I asked Drew – Drew is my super awesome husband – what I should consider discussing on my blog. I explained that I wanted some positivism. Confused by this, he gave me the “uh – WTF” look. You know – one eyebrow raised. I’m known for this signature look. Therefore I am an expert on interpreting the eyebrow language. This meant he was clearly thinking, “Who is this person talking about positiveness?”
Then he said, “But I thought this was your way to vent, b*t&C about random stuff, and “grow as a person”.” He even used the hand gesture of quoting me. I giggled and rolled my eyes.
It became even clearer that I needed to be positive tonight. This time of year is considered new to me still. Two years ago this week, my Dad’s battle with brain cancer was coming to an end. On August 4, 2009, he passed away – not surprisingly – but definitely too soon. Seriously, when you have brain surgery to remove a 9cm level-IV glioblastoma multiform tumor from your left frontal lobe, I wouldn’t run to the races and bet on living.
When I recall the year of events that transpired leading up to his passing, it’s obvious that I am still grieving. There are lots of steps to go through when you grieve and you can rotate back and forth through various steps for a while. The amount of unanswered questions that I have, that will remain forever unanswered, is very frustrating for someone who is a truth-seeker and wants to learn more and solve problems. Sometimes I obsessively reevaluate why and wonder “what if” over-and-over again. However, there are times when there are topics not for us to know about or understand. I can replay every moment with my Dad that year in my mind. I can recall each phone call, every precious outing, all emotions of guilt, anger, frustration, sadness, confusion, the helplessness that I felt for him and our entire family.
So now you’re thinking, ” WHOA – this is too depressing. What happened to positivism?”
I am positive today because when I think back to that year, not only do I remember the awful physical and emotional pain and suffering Dad had to go through with brain surgery, chemo, radiation, a broken neck, broken ribs (he fell down stairs and then found out he had the tumor through the MRI), I remember the people who made him happy while he was still alive. I remember the people who kept his spirits up when others couldn’t face him or his family. I remember each person who helped our family through ways that I can and cannot explain.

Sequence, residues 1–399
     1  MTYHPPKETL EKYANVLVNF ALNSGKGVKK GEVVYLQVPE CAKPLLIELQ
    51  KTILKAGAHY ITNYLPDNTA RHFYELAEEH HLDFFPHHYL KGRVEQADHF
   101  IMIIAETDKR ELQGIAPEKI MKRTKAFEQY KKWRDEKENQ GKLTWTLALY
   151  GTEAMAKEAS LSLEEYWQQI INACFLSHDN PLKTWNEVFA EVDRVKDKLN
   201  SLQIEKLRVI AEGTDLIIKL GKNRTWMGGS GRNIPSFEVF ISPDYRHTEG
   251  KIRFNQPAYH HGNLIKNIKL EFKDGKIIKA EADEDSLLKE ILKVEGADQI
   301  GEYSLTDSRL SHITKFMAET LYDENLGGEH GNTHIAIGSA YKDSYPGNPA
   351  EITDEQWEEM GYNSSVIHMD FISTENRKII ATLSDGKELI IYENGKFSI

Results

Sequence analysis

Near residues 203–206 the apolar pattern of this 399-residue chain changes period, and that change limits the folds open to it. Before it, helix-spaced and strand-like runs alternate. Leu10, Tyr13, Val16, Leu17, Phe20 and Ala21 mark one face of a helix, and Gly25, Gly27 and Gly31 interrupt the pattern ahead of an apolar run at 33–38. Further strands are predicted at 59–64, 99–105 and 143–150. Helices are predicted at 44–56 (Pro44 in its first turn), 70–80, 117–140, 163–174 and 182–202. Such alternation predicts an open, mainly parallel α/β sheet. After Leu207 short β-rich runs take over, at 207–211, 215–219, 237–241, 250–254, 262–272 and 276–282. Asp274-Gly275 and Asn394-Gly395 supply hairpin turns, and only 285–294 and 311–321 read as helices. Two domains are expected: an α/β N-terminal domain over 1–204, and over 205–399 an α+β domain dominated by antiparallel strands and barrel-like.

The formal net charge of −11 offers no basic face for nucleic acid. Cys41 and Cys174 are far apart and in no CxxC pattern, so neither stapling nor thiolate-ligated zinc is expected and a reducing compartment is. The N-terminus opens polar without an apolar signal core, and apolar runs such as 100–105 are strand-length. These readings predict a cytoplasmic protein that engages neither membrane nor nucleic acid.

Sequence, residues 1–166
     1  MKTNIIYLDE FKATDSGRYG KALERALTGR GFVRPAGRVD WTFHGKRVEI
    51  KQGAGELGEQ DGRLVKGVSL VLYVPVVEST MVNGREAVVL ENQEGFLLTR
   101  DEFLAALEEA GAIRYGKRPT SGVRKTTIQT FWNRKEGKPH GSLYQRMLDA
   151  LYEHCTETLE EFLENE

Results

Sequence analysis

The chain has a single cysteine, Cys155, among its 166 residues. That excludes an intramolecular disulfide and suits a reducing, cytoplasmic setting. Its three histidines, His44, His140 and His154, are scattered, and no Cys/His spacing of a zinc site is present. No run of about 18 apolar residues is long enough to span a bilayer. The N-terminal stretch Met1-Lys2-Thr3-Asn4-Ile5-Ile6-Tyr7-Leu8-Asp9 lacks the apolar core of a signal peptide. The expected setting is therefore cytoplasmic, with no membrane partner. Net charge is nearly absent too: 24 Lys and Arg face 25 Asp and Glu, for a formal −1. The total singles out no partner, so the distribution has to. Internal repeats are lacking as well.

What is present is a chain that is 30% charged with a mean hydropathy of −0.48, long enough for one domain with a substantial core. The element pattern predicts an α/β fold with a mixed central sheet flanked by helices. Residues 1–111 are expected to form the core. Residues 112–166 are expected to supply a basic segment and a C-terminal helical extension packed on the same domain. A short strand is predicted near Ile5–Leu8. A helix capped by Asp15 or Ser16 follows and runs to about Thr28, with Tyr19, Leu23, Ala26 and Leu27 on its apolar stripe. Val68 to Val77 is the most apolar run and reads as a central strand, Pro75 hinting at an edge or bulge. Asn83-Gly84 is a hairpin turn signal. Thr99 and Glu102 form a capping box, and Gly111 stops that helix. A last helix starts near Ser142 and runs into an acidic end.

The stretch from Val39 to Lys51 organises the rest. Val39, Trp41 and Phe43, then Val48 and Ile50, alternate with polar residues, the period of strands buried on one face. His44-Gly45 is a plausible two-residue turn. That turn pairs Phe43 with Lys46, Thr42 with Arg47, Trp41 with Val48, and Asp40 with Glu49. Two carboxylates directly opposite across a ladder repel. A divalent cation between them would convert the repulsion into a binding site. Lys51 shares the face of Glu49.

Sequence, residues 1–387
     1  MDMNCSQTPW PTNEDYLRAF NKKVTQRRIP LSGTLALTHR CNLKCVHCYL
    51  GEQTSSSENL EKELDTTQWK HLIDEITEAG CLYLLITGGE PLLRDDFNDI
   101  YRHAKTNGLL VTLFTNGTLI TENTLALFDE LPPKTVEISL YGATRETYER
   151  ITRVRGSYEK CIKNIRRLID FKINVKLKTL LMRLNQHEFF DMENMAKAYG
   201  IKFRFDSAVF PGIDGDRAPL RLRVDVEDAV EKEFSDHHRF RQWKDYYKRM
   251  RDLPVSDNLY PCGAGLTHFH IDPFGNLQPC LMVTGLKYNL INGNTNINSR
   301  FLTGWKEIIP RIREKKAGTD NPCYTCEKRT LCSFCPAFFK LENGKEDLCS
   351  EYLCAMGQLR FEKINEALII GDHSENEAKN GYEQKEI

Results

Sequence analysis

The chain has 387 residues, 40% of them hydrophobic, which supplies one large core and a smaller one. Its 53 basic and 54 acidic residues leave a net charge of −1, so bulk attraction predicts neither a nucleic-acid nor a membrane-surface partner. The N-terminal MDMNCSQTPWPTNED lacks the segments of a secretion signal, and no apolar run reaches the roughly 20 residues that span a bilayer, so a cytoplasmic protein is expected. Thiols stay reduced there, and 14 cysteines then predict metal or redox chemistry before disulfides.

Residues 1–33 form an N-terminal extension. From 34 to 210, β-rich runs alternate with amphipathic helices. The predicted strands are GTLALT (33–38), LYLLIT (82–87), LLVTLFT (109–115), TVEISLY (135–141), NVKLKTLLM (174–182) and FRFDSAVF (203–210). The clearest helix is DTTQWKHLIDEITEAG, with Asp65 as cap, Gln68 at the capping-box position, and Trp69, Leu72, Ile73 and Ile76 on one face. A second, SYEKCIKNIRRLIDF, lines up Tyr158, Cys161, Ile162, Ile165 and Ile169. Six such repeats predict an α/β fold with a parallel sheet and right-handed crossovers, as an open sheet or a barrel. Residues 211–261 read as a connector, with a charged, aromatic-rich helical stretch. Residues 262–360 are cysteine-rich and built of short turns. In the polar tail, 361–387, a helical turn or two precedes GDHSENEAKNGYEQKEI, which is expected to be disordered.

I also remember those who said nothing, who didn’t show up, those who wanted to step in and make decisions when it was not their place. There were surprisingly many who wanted to control a situation when there were already too many emotional cooks in the kitchen. I regularly recall those who couldn’t face the darkness of death upon the doorstep, or those who attempted to add a dramatic, self-centered decision-making “skill set” to elevate their position in the hierarchy of our friend/family org chart. (You know you all have one). Those are the people who I have issues with, which is not healthy. Trust me. I know my issues. Forgive and forget is not one of my best skills.
I realize now, through this continued process, how much stronger some people are than others. In odd cases, people you wouldn’t normally consider your “go-to” people are really your “go-to” people. It’s amazing who actually steps up when a family is in crisis. Those people who just go to your house without asking or telling and take out the dog, do the dishes in your sink, run a load of laundry, and collect your mail. There are those who show up with casseroles or randomly order you pizza and Chinese food. There are those who bring wine, make sure you’re surrounded by your family, and make sure you tell stories – as many as you can, good and bad. There are those who sit for hours putting photo collages together making sure your need for perfectionism becomes a reality, even if it’s crazy and probably impossible. They are the ones who step-up and become a pillar in your world, if only for a brief moment in time. That is the art of caring.
This week, leading into the first week of August, I think about the positive people pillars in my life. With them, life is even more amazing and should be a cherished process that we have a chance to go through. Those who care and show it, and who are amazingly great at it, truly do represent awesomeness in a world that is a clusterf%$k. My mind races with appreciation and thankfulness for those who bring “the little things” to light. I know they offer greatness in small packages. I know who they are. I trust them. They never ask “Do you need anything?” or say “If you need me, just call, I’m here for you”…. They are the ones who step up and take action.
By the way, I also keep another list of those who do nothing, sit on their ass and offer no strengths to any situation. But that’s beside the point.
Now if you really know me, you know I am a non-believer of “who-ha” magical remedies and cures, or non-scientifically based/pseudo-subjective methods and/or procedures. I am, however, into personal development. Yes, this can be subjective and in some cases not possible. Regardless, taking time to figure one’s self out and become a better person – IF that is possible – while ultimately learning how to be positive in general, is something that I strive to become better at each day. Again, you might think, “Um, Greta, you are a cynic… is it possible for you to be positive”? I believe yes. The truth sometimes hurts because we bring to light flaws others may not want to see or hear. Either way, I will continue to try and be positive, even if it looks like I’m the bad guy.
So here’s to those on my “Positivity Go-to List”. Your strength is in taking action, caring, and giving, even if not always successful. If I could drink to you, I would. You make me happy that you care! You make me proud of your awesomeness!